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Personal Stories: Hope from NIDDK Clinical Research

People participate in clinical research for many reasons: to help others, to have the opportunity to try a new treatment or prevention strategy, to have the additional care provided by research staff, and to advance scientific progress. Many people also raise awareness of the value of clinical research and promote it in other ways. Clinical research is improving people’s lives today and offers hope for the future. Learn more about clinical trial basics, the importance of participating in clinical trials, and how to find a clinical trial.

View personal stories below, organized by condition:


Mike (left) and his two brothers participate in the NIDDK-supported RADIANT study
Mike: Advancing Research Toward Understanding Rare and Atypical Types of Diabetes

“I can help the future of science and hopefully be able to learn something about myself,” says Mike, speaking about his participation in NIDDK’s Rare and Atypical Diabetes Network (RADIANT).

Read Mike’s Story

Photo of Mikayla
Mikayla: Contributing to Research Leading to the First Preventive Therapy for Type 1 Diabetes

Mikayla, who has participated in the TrialNet clinical trial of teplizumab, says the FDA approval of this drug “means that people can at least prolong not having to take insulin, not having to check blood sugar…. I’m very happy about that.”

Read Mikayla’s Story

Photo of Angelica.
Angelica: Contributing to Research on Gestational Diabetes Mellitus

“It was so rewarding knowing I was doing this to protect the health of my baby,” says Angelica, speaking about her participation in the GO MOMs study.

Read Angelica’s Story
Photo of Lauryn.
Lauryn: Advancing Research on Artificial Pancreas Devices for Type 1 Diabetes Treatment

“It was probably one of the best things that has happened…. It introduced me to an easier life,” says Lauryn, talking about how participating in a Bionic Pancreas clinical trial showed her a less burdensome approach to managing her type 1 diabetes.

Read Lauryn’s Story

Kathrine: Contributing to Research on Type 2 Diabetes in Youth

Reflecting upon her experience in the TODAY trial, Kathrine expresses extreme gratitude: “TODAY didn’t complete me. It complemented me. It gave me the tools to be a better me.”

Read Kathrine’s Story

Jenae and Katelyn's Family Photo
Jenae and Katelyn: Making Extraordinary Contributions to Type 1 Diabetes Prevention Research

Regarding participating in the TEDDY clinical study, Jenae’s advice to others is not to be afraid to take on things like this. "The work is worth it…. It’s empowering.”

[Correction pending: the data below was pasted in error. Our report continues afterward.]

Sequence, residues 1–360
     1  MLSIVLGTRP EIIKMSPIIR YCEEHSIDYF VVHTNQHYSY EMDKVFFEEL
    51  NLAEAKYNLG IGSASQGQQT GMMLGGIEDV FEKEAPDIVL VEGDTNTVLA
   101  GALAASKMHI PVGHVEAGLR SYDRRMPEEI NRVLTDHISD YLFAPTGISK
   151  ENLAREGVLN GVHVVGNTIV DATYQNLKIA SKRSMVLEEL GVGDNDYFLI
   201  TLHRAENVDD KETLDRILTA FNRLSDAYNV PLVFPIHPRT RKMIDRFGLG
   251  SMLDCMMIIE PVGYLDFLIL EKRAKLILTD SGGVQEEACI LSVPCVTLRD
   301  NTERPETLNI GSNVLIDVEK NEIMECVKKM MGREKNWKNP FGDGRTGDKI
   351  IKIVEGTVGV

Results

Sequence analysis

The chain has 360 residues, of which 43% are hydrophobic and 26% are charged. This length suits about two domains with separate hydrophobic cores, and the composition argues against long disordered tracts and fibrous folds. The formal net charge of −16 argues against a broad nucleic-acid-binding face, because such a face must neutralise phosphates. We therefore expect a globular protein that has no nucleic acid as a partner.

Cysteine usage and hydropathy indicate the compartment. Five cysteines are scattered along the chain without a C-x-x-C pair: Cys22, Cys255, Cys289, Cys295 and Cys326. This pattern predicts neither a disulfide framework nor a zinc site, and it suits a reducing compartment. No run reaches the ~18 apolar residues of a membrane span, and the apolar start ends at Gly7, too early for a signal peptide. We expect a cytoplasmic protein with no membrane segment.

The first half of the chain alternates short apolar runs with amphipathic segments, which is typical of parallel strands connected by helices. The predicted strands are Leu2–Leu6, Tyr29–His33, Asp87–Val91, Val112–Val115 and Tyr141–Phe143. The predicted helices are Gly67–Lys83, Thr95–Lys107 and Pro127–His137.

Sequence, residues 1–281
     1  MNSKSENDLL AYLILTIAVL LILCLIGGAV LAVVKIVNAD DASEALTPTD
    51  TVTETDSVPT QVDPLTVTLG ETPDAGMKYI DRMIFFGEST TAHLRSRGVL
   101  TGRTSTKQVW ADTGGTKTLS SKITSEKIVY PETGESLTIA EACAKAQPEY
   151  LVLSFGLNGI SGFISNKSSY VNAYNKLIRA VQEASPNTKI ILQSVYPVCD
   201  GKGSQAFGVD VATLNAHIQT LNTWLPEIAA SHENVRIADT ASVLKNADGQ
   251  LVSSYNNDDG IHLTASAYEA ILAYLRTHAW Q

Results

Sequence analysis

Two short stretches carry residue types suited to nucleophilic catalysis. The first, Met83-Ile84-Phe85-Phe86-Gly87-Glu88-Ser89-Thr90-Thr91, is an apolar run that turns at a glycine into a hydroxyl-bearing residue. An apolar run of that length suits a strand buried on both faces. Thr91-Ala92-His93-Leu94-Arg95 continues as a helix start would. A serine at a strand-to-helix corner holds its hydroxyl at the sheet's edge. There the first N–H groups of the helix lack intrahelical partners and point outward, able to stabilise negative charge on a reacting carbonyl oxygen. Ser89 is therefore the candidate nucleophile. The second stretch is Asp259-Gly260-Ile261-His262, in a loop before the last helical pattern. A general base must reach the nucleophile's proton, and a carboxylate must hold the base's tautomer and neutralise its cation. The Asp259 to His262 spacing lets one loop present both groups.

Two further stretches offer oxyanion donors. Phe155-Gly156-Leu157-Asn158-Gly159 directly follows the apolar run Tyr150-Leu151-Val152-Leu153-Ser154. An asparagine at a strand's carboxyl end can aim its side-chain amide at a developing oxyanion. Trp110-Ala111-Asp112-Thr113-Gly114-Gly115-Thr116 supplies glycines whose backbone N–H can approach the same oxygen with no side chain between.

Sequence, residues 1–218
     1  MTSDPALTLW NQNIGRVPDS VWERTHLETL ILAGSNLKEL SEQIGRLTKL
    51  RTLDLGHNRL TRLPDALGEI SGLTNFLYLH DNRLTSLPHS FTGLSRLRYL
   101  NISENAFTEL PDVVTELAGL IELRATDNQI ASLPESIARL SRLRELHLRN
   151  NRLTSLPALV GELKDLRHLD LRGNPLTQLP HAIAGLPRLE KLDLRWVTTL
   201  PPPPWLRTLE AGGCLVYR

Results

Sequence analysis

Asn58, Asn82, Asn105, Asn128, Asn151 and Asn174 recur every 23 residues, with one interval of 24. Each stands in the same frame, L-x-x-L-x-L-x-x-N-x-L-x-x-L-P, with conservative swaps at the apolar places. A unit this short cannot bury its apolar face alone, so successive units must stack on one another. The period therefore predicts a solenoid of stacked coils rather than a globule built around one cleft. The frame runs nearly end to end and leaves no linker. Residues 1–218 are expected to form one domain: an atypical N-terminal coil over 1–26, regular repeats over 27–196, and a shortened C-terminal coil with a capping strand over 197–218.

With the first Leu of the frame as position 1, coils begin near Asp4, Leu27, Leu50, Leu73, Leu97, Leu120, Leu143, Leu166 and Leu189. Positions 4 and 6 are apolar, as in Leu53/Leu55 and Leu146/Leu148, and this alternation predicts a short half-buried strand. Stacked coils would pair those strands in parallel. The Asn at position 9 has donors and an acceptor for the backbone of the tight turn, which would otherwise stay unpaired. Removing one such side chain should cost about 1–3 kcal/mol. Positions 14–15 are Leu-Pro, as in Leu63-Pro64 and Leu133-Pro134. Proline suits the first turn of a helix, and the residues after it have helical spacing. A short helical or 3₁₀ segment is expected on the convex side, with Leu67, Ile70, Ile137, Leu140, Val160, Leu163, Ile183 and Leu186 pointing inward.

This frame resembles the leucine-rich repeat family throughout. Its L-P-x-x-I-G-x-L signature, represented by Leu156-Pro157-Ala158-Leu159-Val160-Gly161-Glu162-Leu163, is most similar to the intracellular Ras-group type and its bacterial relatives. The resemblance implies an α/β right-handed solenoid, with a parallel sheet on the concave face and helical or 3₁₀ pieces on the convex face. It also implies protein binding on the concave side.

Read Jenae and Katelyn’s Story

Digestive Diseases

Photo of Dianna
Dianna: Advancing Research to Improve the Health of People With Pancreatitis

Says Dianna about the PROCEED study, which aims to better understand pancreatitis: “I feel like it’s a two-way thing. If something can be learned from me, maybe it’ll turn around and benefit me as well.”

Read Dianna’s Story

Ben's family photo
Ben: Advancing Treatments for Inflammatory Bowel Diseases in Children

Ben, a participant in the PROTECT study of ulcerative colitis treatment, recommends that others participate in research studies if they have the opportunity. "I feel that by participating, you are helping with research that could really benefit others in the future," he says.

Read Ben’s Story

Kidney Disease

Photo of Deryl and Tanya
Deryl and Tanya: Contributing to Research Toward Achieving Equity in African American Kidney Transplant Outcomes

When Tanya learned of her cousin Deryl’s need for a kidney, she says, “I think that it was just kind of a no-brainer for me to say, ‘Oh, OK, well I’ll get tested.’” Speaking about his decision to enroll in the APOL1 Long-term Kidney Transplantation Outcomes Network (APOLLO), Deryl recalls thinking, “Maybe I can help someone else. Maybe someone else with kidney disease."

Read Deryl and Tanya’s Stories

Dave and Leroy: Providing HOPE for a Better Way To Manage Dialysis Pain

Dave, who serves as a Patient Advisor on the HOPE study team, speaks about how the HOPE study has prioritized including the patient perspective in all its activities: “The HOPE trial exceeded my expectations…. And my expectations were high.” When Leroy, a HOPE study participant, is asked if he would encourage other people to participate in clinical research studies like HOPE, he responds: “Oh, definitely. I would give [the study] an A plus.”

Dave and Leroy’s Stories

Liver Disease

Photo of Jessi.
Jessi: Coordinating Research on New Treatment for Alagille Syndrome, a Rare Childhood Liver Disorder

Jessi’s motivation for being involved in clinical research studies is clear: “We’re really concerned about the lives of these children and ways to improve them—that’s such a gratifying mission to stand behind.”

Read Jessi’s Story

Urologic Diseases

Brittney and Holly: Helping People Hydrate To Prevent Kidney Stones

Brittney, a study coordinator working with kids and parents in the Prevention of Urinary Stones with Hydration (PUSH) clinical trial, says she constantly sought out ways “to prevent having any barriers or burdens … on the parents as much as possible.” Another PUSH study coordinator, Holly, says “Being a prevention study, we want it to be a positive experience for them.”

Read Brittney and Holly’s Stories

Last Reviewed January 2024
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This content is provided as a service of the National Institute of Diabetes and Digestive and Kidney Diseases (NIDDK), part of the National Institutes of Health. NIDDK translates and disseminates research findings to increase knowledge and understanding about health and disease among patients, health professionals, and the public. Content produced by NIDDK is carefully reviewed by NIDDK scientists and other experts.